Do labour market status transitions predict changes in psychological well-being?

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The objective of this study was to establish the direction of causality in the relationship between labour market status and psychological well-being by investigating how transitions between secure employment, insecure employment, unemployment, permanent sickness and other economic inactivity predict changes in psychological well-being over a 16-year period.


This study used data from the British Household Panel Survey (1991–2007). Psychological well-being was measured using the 12-item General Health Questionnaire (GHQ-12). Fixed effects models were utilised to investigate how transitions between labour market statuses predicted GHQ-12 score, adjusting for current labour market status and a range of covariates.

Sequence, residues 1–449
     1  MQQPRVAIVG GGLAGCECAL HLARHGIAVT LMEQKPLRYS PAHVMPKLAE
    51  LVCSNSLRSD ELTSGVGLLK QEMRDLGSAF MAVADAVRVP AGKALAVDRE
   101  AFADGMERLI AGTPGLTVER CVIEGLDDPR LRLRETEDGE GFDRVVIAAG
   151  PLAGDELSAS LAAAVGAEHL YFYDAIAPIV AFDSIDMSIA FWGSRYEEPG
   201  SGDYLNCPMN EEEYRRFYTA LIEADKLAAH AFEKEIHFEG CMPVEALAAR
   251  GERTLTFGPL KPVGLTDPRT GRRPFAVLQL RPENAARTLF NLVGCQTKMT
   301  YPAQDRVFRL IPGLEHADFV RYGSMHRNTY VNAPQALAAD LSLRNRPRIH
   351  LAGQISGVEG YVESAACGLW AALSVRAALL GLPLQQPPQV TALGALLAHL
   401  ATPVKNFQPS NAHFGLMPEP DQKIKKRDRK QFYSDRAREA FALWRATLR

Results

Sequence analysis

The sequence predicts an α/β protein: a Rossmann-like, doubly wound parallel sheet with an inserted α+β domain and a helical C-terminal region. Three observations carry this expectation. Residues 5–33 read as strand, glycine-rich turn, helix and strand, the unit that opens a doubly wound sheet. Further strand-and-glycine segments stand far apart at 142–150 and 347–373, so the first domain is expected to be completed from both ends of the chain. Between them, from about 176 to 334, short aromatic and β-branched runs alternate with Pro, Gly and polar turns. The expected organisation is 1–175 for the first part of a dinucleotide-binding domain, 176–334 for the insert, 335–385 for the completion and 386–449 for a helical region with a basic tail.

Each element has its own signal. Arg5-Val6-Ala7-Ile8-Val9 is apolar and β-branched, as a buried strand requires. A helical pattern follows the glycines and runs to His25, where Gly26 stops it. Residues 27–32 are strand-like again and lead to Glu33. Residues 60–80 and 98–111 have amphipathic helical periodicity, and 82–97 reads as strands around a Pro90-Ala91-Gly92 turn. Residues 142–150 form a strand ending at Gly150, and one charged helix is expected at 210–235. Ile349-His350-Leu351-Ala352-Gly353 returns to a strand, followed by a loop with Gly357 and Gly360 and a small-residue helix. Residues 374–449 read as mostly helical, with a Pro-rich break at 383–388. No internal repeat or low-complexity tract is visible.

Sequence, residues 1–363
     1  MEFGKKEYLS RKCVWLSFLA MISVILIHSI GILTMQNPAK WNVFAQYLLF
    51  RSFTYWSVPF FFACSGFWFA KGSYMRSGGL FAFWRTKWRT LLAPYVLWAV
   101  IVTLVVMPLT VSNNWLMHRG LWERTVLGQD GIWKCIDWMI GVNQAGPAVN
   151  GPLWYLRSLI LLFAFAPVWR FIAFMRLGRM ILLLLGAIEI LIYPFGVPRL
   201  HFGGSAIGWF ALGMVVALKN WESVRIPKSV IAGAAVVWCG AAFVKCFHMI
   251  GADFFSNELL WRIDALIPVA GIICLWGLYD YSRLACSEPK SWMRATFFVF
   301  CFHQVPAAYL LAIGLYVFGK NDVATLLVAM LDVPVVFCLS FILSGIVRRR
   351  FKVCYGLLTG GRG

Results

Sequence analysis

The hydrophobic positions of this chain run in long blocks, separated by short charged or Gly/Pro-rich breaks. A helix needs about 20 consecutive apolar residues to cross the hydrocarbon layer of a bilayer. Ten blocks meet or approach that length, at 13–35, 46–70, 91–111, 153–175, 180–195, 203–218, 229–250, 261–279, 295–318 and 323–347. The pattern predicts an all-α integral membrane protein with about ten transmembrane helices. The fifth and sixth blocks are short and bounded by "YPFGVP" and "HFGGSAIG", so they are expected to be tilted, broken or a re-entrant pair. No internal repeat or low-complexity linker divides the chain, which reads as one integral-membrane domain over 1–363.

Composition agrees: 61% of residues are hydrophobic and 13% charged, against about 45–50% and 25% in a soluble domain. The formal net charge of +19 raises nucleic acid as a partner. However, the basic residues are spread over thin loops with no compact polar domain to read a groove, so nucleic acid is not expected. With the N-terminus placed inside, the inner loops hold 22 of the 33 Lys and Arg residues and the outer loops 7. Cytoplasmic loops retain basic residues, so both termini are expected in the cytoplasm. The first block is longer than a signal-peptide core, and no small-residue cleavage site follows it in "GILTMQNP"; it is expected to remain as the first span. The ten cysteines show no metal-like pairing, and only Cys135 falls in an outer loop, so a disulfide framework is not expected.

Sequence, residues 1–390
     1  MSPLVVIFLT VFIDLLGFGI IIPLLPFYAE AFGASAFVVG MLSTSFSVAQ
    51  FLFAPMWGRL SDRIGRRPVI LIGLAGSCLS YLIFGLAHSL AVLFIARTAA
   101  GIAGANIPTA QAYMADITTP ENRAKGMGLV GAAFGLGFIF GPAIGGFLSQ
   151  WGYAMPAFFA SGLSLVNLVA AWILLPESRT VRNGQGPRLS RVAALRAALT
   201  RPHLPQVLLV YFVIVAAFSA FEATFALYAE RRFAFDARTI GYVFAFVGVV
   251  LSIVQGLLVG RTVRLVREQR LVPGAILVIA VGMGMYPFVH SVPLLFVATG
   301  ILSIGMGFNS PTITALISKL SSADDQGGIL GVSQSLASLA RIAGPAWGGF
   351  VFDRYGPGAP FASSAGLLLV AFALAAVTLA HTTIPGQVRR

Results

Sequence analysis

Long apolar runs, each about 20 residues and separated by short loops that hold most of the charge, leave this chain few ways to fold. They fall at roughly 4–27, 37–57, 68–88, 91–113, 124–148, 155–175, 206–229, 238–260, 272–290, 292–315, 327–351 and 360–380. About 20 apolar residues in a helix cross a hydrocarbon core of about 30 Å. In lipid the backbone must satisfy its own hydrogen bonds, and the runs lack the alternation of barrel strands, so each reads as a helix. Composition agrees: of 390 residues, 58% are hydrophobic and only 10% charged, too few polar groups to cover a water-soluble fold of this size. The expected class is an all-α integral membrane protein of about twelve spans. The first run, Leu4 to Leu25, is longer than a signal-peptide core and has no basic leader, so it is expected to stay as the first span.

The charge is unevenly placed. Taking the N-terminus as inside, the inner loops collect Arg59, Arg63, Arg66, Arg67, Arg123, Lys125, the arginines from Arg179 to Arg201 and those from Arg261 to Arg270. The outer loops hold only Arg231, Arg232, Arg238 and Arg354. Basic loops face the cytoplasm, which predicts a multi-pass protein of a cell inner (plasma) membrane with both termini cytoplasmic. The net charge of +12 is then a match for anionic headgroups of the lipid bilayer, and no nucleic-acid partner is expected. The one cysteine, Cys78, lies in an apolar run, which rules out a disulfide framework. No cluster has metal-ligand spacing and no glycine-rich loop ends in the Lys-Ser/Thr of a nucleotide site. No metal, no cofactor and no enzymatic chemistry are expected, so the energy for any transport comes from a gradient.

After taking account of the contemporaneous effects of joblessness on psychological well-being, and the impact of a range of confounding factors, experiencing a transition from employment to joblessness was significantly predictive of poorer psychological well-being. Transitions into employment were not found to have equal and opposite effects: the positive effects of moving into work from unemployment were not as large as the negative effects of job loss. Transitions between secure and insecure employment did not independently predict changes in psychological well-being.


A causal relationship between labour market status and psychological well-being is indicated.

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